While former president Jacob Zuma is better known for breaking out in song with his trademark Umshini wami, President Cyril Ramaphosa proved on Sunday that he too can carry a tune.
Ramaphosa attended a church service at the Grace Bible Church in Pimville, Soweto, on Sunday morning, where he led congregants in song.
In a strong baritone voice, Ramaphosa sings: “If you believe and I believe, and we together pray, the Holy Spirit must come down, and Africa will be saved.”
Ramaphosa is then joined on stage by a band and choir, which he then “conducts” to cheers from congregants.
The church was thrilled to have Ramaphosa in attendance.
“The president was received by the presiding Bishop Mosa Sono and his leadership while the president was accompanied by Gauteng Premier David Makhura, Deputy Minister Zizi Kodwa, Gauteng ANC leaders, and MEC for finance in Gauteng,” the church said in a statement.
“In his address to the congregation, President Ramaphosa expressed his gratitude to the initiatives taken by the church in the aftermath of the attacks on foreign-owned businesses and on gender-based violence.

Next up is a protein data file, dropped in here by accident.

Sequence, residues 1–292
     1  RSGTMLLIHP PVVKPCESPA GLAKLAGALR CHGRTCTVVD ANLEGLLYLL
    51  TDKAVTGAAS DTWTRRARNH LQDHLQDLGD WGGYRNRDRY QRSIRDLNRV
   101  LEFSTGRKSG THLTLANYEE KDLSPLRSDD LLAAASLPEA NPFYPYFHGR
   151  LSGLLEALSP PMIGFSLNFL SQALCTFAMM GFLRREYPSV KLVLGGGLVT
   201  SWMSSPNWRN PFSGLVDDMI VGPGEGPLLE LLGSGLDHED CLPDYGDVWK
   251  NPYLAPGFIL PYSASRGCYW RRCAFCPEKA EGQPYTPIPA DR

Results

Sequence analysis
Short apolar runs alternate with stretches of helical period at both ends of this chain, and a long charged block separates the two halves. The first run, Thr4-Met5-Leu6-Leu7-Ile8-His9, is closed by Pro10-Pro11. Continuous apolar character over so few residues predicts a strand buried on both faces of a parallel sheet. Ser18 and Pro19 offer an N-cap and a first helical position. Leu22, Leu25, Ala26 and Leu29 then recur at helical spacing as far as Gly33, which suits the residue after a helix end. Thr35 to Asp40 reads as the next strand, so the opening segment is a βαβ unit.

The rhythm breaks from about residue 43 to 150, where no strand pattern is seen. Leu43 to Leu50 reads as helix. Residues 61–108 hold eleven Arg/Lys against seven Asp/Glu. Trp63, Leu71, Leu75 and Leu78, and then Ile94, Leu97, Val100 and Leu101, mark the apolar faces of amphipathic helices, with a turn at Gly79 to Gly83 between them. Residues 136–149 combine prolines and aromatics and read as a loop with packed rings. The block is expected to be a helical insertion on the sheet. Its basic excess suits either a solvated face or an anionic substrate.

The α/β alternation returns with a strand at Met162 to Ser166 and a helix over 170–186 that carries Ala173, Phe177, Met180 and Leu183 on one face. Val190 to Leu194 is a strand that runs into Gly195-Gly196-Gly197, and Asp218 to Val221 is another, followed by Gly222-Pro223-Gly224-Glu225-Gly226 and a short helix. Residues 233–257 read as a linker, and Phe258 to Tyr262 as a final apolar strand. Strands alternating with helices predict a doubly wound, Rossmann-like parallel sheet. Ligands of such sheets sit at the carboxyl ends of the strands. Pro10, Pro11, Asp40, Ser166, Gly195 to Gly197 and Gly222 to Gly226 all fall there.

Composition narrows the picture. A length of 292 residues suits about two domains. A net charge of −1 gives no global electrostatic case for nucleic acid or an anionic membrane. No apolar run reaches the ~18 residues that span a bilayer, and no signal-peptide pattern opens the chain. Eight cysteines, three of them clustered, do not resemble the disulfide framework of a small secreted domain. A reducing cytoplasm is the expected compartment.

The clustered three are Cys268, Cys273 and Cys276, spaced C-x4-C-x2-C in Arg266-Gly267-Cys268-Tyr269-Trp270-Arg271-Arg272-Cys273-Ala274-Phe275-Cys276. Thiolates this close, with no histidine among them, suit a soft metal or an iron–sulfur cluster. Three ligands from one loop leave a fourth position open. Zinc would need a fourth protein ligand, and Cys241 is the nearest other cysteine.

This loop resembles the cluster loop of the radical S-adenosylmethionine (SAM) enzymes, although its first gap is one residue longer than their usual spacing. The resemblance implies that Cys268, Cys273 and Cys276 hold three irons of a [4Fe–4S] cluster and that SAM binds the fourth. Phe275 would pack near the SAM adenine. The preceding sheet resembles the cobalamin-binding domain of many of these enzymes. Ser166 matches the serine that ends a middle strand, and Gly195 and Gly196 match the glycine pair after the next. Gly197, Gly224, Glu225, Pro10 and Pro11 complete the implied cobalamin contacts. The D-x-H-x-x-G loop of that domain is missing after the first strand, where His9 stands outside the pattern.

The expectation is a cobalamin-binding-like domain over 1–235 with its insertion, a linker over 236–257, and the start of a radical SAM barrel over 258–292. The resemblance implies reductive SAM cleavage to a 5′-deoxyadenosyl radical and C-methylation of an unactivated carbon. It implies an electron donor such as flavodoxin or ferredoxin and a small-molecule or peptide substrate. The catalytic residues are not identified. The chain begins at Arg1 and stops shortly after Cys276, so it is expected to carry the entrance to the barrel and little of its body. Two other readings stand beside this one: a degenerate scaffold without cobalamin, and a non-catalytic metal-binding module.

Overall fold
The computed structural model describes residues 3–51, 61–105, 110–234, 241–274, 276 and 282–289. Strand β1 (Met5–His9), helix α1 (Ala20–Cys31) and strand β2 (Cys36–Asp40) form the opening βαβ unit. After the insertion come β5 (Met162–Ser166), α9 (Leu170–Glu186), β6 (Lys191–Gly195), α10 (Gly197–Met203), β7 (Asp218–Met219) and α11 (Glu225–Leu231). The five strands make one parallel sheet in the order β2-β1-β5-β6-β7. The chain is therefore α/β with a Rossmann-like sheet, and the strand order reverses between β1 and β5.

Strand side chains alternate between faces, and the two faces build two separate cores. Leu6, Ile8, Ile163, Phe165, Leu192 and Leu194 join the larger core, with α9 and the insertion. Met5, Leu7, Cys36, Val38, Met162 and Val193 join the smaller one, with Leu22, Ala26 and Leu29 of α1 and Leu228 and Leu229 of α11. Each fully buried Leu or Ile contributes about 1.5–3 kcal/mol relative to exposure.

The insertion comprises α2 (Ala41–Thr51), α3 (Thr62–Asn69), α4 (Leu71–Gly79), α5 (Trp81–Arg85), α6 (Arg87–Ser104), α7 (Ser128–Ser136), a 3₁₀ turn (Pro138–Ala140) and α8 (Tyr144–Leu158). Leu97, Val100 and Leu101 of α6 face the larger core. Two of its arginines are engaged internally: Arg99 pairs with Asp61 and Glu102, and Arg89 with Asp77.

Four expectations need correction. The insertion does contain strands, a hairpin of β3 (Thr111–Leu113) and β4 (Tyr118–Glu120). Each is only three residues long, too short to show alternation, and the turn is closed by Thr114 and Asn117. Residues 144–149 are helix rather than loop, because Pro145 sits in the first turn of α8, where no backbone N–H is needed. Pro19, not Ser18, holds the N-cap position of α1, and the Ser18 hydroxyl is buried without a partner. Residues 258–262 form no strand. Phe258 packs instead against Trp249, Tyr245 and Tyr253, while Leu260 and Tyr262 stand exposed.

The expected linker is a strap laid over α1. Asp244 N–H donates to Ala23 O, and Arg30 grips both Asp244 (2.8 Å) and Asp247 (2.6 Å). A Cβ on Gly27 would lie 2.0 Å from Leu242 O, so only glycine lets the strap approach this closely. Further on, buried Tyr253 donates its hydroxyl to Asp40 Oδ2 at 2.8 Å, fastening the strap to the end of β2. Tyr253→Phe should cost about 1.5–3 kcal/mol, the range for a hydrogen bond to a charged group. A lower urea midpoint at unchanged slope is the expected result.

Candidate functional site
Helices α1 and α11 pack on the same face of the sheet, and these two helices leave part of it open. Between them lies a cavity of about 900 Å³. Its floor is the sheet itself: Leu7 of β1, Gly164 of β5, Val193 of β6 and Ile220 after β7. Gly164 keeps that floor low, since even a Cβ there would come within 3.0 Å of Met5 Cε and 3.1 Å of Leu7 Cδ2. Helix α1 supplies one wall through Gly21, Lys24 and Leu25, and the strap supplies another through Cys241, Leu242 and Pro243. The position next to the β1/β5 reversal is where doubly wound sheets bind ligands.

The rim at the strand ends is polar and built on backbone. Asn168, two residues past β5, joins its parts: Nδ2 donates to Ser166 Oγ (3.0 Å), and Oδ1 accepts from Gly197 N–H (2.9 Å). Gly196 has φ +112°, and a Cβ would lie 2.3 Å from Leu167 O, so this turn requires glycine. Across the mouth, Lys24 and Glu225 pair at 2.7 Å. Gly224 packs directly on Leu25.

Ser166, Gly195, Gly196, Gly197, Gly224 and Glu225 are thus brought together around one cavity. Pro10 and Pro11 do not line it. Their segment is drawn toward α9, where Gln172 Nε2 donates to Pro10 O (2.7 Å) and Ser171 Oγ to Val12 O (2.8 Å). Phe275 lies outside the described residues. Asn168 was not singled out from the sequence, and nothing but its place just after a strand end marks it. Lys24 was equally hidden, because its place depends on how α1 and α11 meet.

“The president said he was encouraged that [the church] showed leadership by visiting affected communities and giving the material support as well as prayer. He cautioned against this new phenomenon and warned that if it is not tackled early, it will grow tentacles.
“He lamented the fact that it had elements of tribalism and encouraged the church to continue leading the way. The president urged South Africans to love one another as all people are made in the image of God.
“He further stated that lawlessness needs to be tackled decisively and emphasised that the country was not xenophobic. The president broke into song at the end of his address and conducted the music group much to the delight of the congregants.”
Sono prayed for Ramaphosa and assured him that the church “will do what it’s supposed to do and that is to pray and back it up with actions”.